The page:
The American Pet Products Association recently reported that pet care spending reached a record high in 2018, with Americans spending more than $72 billion on pets and pet care.  

Where Americans spend their dollars, regulators and plaintiffs are sure to follow.  To give just a few examples, last year, the Federal Trade Commission issued a reminder to pet stores that, if they offer pet leases (yes, like leasing a car), they must comply with federal advertising rules about the advertising of leases.  We also reported on a lawsuit over health claims that IMS Pet Industries made about its duck jerky dog treats.  

Last week, the New York Attorney General stepped in, announcing a settlement with a pet store over false advertising claims.  The NYAG alleged that the store promoted the fact that it specialized in the sale of high quality, responsibly-bred animals, when, in fact, the store sold animals that were bred at large scale commercial "mills."  This action is part of the NYAG’s Animal Protection Initiative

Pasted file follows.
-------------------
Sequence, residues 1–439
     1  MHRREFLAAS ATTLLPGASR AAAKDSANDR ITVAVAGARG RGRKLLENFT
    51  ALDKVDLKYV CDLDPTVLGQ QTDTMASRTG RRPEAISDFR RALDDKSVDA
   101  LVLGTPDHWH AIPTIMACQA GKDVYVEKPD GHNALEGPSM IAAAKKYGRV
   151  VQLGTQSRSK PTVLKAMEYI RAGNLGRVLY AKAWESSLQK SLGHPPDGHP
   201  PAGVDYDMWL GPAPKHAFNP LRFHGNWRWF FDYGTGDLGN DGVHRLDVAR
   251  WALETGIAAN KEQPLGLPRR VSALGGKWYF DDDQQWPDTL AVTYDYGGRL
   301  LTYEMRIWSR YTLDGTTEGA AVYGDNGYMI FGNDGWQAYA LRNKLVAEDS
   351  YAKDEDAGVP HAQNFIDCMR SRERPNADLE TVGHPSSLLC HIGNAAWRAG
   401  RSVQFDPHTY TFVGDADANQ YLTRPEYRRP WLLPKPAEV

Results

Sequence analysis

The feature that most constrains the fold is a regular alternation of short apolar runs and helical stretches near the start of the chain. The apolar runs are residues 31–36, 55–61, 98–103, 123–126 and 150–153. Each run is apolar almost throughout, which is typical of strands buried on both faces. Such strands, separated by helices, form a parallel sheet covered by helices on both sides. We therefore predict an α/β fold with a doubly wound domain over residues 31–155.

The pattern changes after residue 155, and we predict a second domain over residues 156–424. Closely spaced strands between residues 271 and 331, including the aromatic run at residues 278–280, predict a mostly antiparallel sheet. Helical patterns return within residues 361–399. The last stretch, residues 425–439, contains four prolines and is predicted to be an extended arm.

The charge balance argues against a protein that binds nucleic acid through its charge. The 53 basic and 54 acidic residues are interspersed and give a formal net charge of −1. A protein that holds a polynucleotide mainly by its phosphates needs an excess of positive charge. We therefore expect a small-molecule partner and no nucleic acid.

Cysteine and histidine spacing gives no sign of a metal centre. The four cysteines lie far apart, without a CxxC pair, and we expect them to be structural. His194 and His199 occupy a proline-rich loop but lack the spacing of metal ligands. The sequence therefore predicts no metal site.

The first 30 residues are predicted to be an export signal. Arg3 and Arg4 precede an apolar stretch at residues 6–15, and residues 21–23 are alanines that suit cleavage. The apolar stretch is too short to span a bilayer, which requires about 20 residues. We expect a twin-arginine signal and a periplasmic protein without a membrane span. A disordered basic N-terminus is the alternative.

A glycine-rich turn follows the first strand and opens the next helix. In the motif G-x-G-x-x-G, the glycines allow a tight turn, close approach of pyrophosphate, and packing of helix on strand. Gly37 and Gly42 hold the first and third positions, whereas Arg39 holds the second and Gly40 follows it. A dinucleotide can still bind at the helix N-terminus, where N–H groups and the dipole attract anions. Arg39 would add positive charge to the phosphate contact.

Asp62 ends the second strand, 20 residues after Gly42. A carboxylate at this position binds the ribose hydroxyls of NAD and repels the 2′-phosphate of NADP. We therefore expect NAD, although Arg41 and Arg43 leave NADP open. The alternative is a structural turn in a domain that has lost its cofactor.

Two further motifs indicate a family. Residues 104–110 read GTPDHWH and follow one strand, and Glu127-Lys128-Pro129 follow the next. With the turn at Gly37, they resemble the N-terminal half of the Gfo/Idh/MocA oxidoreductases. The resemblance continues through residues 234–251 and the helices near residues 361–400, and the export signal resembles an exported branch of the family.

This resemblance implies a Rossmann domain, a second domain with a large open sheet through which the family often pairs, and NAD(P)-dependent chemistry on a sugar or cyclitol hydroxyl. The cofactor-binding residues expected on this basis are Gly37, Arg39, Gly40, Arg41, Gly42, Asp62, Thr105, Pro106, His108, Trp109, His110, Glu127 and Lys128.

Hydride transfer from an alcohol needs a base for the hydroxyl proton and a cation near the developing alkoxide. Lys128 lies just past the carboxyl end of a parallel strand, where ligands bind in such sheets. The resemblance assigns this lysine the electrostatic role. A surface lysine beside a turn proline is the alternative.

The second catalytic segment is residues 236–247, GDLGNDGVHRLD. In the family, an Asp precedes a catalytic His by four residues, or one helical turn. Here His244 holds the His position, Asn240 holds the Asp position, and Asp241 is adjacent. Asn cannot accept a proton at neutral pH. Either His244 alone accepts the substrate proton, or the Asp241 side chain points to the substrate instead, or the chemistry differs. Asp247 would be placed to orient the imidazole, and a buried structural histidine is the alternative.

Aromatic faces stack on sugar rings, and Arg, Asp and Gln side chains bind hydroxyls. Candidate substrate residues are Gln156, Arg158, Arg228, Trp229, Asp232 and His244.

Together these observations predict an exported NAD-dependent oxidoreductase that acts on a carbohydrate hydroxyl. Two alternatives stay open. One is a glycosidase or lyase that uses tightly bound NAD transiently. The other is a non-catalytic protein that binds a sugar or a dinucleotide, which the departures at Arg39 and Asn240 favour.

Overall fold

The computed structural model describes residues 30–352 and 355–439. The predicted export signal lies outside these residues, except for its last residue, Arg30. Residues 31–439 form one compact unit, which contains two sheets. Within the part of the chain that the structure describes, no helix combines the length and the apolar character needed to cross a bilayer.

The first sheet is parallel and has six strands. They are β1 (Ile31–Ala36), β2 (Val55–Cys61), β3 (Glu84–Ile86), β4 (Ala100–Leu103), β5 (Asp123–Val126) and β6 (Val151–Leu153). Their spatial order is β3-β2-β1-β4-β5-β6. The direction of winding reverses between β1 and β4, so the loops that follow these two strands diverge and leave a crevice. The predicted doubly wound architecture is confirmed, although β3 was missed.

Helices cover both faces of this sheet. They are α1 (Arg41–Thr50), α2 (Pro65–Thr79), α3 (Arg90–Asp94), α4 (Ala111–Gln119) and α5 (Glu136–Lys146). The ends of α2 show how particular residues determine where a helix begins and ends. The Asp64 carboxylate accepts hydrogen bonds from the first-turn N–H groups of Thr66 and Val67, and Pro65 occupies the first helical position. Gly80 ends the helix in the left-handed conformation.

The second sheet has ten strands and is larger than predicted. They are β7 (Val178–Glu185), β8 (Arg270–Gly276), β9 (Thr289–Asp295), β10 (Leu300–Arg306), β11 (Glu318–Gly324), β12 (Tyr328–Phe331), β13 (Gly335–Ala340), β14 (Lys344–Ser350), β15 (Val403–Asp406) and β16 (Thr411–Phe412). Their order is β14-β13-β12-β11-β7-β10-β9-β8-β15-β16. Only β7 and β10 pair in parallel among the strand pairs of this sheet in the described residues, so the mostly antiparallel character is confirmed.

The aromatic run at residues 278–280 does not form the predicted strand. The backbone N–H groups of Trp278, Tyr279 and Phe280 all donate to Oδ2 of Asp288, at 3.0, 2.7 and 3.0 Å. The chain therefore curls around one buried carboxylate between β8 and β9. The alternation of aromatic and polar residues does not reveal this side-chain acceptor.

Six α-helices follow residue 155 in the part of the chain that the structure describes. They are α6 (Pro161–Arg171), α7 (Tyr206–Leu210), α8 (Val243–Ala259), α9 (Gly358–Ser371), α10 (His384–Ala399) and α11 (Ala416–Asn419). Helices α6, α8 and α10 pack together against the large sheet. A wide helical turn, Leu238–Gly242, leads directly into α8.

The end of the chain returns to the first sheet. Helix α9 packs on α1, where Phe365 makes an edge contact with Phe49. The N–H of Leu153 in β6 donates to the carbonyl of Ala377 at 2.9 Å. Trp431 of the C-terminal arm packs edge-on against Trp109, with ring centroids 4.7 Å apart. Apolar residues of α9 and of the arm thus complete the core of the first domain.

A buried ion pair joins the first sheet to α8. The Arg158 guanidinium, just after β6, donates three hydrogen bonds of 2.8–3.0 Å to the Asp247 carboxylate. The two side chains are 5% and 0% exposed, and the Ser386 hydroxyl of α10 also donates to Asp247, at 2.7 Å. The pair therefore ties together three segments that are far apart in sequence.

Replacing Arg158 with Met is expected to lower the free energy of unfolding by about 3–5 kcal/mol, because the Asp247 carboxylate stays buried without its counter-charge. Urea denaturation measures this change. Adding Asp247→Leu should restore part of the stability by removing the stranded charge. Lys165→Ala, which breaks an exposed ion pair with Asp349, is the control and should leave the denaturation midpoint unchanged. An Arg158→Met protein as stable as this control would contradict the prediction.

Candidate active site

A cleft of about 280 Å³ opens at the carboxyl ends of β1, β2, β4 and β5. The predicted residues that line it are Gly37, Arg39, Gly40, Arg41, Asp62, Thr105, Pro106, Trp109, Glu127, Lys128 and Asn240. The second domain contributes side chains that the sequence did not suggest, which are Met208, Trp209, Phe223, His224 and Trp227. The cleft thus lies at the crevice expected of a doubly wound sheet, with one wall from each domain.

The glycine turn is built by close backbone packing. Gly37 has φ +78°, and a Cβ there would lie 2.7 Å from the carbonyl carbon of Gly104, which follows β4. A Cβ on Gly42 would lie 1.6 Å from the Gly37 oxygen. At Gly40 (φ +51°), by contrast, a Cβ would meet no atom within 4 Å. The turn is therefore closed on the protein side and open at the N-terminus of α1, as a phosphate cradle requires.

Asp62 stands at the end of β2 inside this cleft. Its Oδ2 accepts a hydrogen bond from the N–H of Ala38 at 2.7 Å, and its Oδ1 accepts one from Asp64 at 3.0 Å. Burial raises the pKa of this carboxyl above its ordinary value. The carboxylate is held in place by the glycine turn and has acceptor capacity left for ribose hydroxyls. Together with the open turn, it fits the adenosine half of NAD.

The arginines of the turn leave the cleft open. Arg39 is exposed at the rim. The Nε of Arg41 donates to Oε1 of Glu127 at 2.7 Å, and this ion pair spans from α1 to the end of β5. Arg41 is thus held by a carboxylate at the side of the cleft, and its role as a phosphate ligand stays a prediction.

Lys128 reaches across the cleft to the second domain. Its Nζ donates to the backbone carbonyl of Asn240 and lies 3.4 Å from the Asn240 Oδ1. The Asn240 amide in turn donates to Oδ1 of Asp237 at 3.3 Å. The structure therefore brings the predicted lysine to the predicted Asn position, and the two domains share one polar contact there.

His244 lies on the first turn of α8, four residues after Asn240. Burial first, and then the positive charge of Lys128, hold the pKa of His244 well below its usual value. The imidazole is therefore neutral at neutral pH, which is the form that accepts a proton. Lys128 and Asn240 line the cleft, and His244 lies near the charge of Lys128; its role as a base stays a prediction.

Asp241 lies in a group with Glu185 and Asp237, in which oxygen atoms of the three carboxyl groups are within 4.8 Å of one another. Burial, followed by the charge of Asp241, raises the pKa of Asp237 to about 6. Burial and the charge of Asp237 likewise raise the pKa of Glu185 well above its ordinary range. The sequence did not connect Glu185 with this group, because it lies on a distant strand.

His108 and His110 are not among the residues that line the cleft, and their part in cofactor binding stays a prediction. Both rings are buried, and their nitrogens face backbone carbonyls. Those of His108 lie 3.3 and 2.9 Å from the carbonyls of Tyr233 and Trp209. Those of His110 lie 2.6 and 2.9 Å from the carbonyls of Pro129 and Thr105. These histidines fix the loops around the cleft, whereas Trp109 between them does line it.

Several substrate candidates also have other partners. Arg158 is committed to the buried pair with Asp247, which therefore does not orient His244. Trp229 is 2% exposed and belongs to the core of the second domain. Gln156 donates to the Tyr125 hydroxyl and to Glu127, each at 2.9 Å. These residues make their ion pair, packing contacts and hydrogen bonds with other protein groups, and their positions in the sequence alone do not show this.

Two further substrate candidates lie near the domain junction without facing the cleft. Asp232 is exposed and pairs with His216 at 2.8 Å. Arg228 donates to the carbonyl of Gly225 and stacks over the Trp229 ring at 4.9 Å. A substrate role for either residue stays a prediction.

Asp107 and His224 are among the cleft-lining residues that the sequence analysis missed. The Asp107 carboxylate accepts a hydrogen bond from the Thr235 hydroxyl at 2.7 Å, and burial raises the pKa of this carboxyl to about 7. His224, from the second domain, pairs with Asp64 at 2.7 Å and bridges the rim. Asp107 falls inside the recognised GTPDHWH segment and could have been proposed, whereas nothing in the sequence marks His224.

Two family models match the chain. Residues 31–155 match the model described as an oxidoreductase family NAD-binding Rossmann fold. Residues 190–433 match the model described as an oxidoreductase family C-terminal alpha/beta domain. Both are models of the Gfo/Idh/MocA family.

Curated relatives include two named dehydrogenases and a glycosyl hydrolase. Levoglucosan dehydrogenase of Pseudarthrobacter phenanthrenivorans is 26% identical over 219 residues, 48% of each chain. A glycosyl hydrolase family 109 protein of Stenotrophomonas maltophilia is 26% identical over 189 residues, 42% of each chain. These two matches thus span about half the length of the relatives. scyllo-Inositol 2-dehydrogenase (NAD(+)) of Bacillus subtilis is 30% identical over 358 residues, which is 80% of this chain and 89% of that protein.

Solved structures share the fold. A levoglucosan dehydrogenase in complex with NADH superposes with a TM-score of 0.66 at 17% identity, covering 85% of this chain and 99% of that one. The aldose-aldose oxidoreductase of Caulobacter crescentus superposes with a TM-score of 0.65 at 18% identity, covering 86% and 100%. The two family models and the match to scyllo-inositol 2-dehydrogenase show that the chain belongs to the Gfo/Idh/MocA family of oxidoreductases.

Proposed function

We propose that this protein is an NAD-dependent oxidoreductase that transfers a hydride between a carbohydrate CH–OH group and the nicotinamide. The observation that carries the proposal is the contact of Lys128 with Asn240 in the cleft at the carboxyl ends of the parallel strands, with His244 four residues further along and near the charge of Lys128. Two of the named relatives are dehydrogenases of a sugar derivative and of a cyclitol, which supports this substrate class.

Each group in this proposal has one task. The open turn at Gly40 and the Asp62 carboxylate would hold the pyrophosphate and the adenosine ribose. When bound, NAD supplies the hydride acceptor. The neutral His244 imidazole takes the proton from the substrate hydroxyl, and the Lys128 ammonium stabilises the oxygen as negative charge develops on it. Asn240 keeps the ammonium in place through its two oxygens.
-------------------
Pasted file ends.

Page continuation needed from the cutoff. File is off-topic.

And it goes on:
The NYAG alleged that the pet store made a number of false claims, including that the pets it sells were "home raised and responsibly-bred for temperament and good congenital health" and that the store "specializes in the sale of healthy puppies and kittens from certified breeders." 

In announcing the settlement, New York Attorney General Letitia James said, "Deceptive marketing and advertising will never be tolerated, including for the sale of animals.  Not only were consumers lied to about the origins of their pets, but also the health and wellness of the beloved animals they were bringing into their homes."